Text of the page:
Yeah, it’s all about the fetuses. Never mind that Kennedy was responsible for SCHIP, which has saved the lives of millions of already-born children. But he was pro-choice, so he’s automatically condemned. Frankly, I tire of this red herring. The Catholic bishops annually call for universal coverage of the uninsured and supported the expansion of SCHIP. And are you seriously suggesting the Church doesn’t care for children in its hospitals, through Catholic Charities and other organizations such as the Society of St. Vincent dePaul? It’s a dog that just doesn’t hunt.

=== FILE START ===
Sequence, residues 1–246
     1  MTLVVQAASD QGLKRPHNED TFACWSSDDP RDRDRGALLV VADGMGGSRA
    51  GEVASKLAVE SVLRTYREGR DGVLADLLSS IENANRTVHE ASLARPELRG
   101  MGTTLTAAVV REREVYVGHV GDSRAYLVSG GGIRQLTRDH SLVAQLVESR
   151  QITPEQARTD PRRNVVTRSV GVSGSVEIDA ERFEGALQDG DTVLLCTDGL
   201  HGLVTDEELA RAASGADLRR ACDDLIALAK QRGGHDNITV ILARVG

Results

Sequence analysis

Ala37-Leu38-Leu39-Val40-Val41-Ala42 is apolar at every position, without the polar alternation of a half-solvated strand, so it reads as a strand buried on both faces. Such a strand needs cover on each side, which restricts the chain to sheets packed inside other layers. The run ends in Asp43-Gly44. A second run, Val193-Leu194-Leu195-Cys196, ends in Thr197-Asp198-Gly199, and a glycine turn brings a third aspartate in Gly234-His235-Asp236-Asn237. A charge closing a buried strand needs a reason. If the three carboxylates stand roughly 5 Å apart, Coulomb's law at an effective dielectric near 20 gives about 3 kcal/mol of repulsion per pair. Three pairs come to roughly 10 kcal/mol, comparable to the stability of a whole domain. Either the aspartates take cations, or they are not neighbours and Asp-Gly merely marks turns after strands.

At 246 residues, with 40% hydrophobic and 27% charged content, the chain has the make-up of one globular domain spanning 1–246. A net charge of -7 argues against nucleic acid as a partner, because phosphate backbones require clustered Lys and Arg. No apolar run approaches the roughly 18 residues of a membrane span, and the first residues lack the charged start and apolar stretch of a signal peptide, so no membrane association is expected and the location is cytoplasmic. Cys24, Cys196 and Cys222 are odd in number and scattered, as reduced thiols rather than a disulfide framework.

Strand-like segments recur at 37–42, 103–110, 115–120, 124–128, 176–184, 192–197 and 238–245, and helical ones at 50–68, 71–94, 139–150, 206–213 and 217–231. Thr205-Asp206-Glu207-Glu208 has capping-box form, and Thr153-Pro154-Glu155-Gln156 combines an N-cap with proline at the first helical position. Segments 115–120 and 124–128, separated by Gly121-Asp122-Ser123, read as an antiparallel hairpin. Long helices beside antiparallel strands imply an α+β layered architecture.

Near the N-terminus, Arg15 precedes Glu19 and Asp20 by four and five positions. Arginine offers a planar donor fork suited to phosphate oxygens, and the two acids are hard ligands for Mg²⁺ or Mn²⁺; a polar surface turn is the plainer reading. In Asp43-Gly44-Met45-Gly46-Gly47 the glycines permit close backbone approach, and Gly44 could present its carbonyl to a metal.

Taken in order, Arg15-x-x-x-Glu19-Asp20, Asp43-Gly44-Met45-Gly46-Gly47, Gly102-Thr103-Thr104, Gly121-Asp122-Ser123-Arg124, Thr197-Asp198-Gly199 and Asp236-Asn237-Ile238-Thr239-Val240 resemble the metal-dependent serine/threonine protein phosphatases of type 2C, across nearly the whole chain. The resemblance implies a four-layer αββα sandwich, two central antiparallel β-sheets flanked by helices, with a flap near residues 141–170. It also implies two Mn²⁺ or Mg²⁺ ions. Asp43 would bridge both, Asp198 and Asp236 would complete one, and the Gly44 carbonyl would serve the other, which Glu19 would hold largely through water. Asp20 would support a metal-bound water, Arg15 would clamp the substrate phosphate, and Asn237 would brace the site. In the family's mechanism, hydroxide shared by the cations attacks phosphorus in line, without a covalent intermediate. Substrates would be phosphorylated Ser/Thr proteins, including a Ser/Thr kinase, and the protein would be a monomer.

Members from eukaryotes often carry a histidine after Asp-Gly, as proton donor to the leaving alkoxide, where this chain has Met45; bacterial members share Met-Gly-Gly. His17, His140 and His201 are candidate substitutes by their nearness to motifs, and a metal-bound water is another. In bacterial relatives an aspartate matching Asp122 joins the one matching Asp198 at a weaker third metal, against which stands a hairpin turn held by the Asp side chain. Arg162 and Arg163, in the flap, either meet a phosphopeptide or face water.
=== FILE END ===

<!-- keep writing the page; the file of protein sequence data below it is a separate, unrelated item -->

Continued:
• Judy-in-TX

    As I read all the responses here, 90 percent of which were radical posturing, there was a bit of light in the middle of this wall of hatred and contempt.

  • thebump

    “His legislative agenda came from Jesus’ instruction for how to measure a life”This is rank nonsense. Every item on Kennedy’s agenda, and his every public act, were calculated to concentrate power in the Washington political elite and to make America less free. There is nothing in the Gospels about that.Nor is there anything in the Gospels about watching a helpless woman drown, doing nothing, walking away to save your own skin, and then using your wealth, power and celebrity to beat the rap.While no one may judge Kennedy as an individual, we must not remain silent when some would hold him up for public honor.

  • Matthew_DC